Logging companies were operating over the whole Pulangi Valley and also regulating communities and movements. Many sacred areas were logged or bulldozed and indigenous communities were often shifted or found large numbers of migrants moving in as company laborers. Sumagibo, with the influx of migrants, became barangay St. Peter. The traditional hunting ground of Kias-u was to the north, where the connecting roads of the company join at a log deck. Datu Menaling told me long after how Kias-u was named Bendum by local families from Busdi and how he moved here near the end of the logging era.

In 1992 I was assigned as assistant parish priest to the new parish of Zamboanguita. I walked to all the chapels and visited the small clusters of houses up the hillsides on the west and east sides of the river. Everywhere I went, I visited the community water source, looked at its distribution, usually using split bamboo, and talked about how the community was protecting it; I am still remembered in some areas as Fr. Watershed. The traditional uma (garden of about one hectare and the manner of preparation [sakum]), by brushing, burning and clearing but not ploughing, was common where fifteen to thirty different food items could be harvested in a plot over the course of a year. People grew traditional hill rice and corn and shared their different seed stocks.

While passing through Bendum, as with many villages, I accepted the community’s offer  to build a resting place for me for my return. On a return visit, Datu Menaling and some of the community had already built the frame and amakan (bamboo woven) walls of a lawig (seasonal housing), and I stayed the night. From there the relationship grew. I then started to stay there more frequently, and I continued to visit after the end of my parish assignment, starting studies on forest hydrology that took ten years to complete (Walpole 2002).

There were few people in Bendum; most lived out by their uma. Concerns were always, water, education, literacy, medicine, and peace, in a revolving re-ordering of what was next. People had built a classroom, but no teacher came from the Department of Education as requested. At times, children got sick as the split bamboo network was easily contaminated. We began basic education with the children and literacy classes for the adults in the evening with tilley lamps, with the help of some adults who had attended school. For the sake of the children going to classes, parents kept a house in the centro, while still working on very dispersed fields in the logged-out forest. The community built a spring box and piped the water to community faucets. Years later, we built a mini-hydro and a livelihood center.

The community started talking with the Department of Environment and Natural Resources (DENR) over community-based forest management agreements that became ancestral claims as government programs evolved. Central and Regional DENR officials listened to the community concerns and helped in crafting new land management programs for the uplands (Manila Observatory 1993).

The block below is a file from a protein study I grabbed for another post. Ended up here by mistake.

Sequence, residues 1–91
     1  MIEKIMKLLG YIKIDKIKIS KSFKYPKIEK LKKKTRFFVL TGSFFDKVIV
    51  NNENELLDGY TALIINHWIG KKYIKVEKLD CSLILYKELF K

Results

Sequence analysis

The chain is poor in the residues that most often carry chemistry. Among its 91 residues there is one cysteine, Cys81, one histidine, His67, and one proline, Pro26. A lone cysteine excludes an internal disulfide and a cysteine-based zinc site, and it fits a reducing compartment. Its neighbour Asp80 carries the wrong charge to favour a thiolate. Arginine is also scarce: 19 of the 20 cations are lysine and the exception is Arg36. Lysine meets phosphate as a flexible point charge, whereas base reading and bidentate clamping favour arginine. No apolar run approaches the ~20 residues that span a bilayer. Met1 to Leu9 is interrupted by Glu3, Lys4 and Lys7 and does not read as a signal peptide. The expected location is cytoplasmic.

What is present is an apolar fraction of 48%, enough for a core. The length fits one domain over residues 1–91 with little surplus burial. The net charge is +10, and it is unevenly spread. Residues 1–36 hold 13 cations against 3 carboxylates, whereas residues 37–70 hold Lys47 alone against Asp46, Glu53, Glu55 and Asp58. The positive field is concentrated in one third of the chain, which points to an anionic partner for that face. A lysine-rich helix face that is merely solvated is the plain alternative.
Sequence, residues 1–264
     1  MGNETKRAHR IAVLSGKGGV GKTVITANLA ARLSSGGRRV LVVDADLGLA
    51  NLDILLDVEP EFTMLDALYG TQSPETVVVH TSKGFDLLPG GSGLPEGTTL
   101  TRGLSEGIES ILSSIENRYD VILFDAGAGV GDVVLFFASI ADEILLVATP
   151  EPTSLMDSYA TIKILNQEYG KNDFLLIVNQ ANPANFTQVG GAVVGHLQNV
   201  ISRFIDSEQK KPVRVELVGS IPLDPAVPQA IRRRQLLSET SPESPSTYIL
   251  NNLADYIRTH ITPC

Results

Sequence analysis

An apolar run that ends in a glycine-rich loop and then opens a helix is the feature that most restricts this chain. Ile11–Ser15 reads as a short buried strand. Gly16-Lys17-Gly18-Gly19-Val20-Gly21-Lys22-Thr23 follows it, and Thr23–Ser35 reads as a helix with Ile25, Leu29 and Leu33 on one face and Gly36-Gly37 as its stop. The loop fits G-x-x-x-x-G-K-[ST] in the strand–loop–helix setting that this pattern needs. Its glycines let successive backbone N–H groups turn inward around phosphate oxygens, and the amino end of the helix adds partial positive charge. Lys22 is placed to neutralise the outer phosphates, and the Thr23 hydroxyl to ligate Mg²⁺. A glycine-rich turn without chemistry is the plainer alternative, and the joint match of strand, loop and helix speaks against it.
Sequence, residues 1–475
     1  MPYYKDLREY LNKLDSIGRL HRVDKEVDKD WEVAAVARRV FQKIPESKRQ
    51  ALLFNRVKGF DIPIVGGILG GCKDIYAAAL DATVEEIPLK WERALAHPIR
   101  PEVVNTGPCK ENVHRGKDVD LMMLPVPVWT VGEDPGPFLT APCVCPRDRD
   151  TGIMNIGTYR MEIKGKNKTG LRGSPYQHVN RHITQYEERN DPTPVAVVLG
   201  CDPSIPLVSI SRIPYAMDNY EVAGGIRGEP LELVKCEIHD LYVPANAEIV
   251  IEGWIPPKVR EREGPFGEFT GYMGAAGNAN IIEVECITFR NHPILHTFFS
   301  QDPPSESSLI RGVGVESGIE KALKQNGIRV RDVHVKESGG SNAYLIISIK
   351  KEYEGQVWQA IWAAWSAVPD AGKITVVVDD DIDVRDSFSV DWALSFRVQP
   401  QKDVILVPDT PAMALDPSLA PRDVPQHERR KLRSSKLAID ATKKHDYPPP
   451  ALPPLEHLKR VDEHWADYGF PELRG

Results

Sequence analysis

My interaction with the Indigenous has been built through planning and implementing with them community projects and organizing activities through civil society engagements. This process required broader capacity-building and social enabling of local institutions, recognizing that real growth takes a generation (FAO 2009). It has been a process of learning that included for a long time the strengthening of policy and participation from local to national government offices (ESSC 1999). The challenges met along the way called for great trust in the human spirit and the healing that time can, but does not always, bring.

During this time, if I were coming from Cagayan de Oro, the bus took four hours to Malaybalay, a further four hours on the jeepney going in and out of the barangay along the road before reaching Zamboangita, then a three hour walk to Bendum. The whole journey took the better part of a day with stopovers and delays along the way. Any materials needed had to be hauled by buffalo from Zamboanguita across two rivers.

Today the road from Aglayan crossing is paved to St. Peter, the local government has more consistently graded the old logging road to Bendum and the habalhabal (motorbike with  extension board(s) to carry to carry up to six people or sacks) are everywhere so the whole journey can be done in seven hours. People are constantly now on motorbikes moving between the barangay and going to the city. These are not the idealized farm to market roads, but in reality are trader to client roads. The huge ten-wheeler trucks come for bulk extraction of corn for animal feeds, sugar, and falcata, while connecting one city to another, enabling global market distribution.

Before traditional subsistence cultivation was sustainable with occasional sales of abaca, rattan baskets, and beautiful family-designed banig (mats woven and dyed from different materials) and kamuyot (cloth woven from abaca), but they lacked health services. Today health services have improved, while resource extraction can be manipulative and armed conflicts are sustained and have further impinged on the safety and peace of the communities.

Culture is a way

Marking the changes in this valley over the last fifty years, the community still seeks a path forward with reference to what we can learn from the ancestors and elders and from working on the land and with natural systems. Datu Nestor Menaling is the chosen leader and spiritual guide of the Pulangiyēn community and the Bendum Tribal Council. Each year, he goes with the youth to the juncture of the Pinamangkulan-Pulangi Rivers for the panalawahig, a ritual to thank the Creator for the gift of water. Water for others is a service paid for in society and for the urban poor it can be a daily struggle. Upland cultures know healthy water cannot simply be assumed. They know where to settle in relation to water, how to manage it, and give it proper respect. Datu speaks of the importance of culture in this way: